President Obama pushed Chinese President Xi Jinping to do more to address the online theft of US intellectual and other property coming from his country and said the hacking is "inconsistent with the kind of relationship we want to have with China," a top White House aide said. Obama national security adviser Tom Donilon said discussion of cybersecurity took up much of today's morning meeting between the two leaders, which ended with few policy breakthroughs but the prospect of stronger personal ties. Donilon said Obama described in detail instances of hacking against US companies by entities in China and said the US didn't have any doubt who was behind them.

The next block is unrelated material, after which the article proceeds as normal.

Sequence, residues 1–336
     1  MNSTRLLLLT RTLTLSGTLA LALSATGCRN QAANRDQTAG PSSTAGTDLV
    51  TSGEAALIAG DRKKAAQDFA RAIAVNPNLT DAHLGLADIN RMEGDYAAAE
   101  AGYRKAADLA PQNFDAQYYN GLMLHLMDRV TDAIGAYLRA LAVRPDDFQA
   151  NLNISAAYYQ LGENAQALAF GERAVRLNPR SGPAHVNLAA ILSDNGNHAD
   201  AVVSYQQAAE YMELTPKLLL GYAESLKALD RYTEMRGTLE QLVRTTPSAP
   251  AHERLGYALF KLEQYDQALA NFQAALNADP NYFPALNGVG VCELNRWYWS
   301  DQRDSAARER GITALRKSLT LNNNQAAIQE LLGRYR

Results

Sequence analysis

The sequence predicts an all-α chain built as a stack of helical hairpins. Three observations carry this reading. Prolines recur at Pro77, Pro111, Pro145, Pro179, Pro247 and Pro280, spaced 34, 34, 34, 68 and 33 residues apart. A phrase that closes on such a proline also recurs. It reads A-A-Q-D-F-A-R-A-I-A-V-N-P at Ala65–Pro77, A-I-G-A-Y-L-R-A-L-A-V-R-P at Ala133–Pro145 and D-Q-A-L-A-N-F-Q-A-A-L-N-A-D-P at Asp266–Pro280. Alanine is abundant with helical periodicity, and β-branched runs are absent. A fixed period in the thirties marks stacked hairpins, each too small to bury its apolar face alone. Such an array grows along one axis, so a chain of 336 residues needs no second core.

"The president underscored that resolving this issue was really key to future economic US-China relations," Donilon told reporters after about eight hours of meetings yesterday and today. The gathering at the sprawling Sunnylands estate in the California desert was their first meeting since Xi took office in March. Xi's senior foreign policy adviser, Yang Jiechi, told reporters that cybersecurity shouldn't be the cause of friction but an area of cooperation for two nations that face similar challenges. He said the two leaders "blazed a new trail" away from the two nations' past differences in the summit and "talked about cooperation and did not shy away from differences." (Read more President Obama stories.)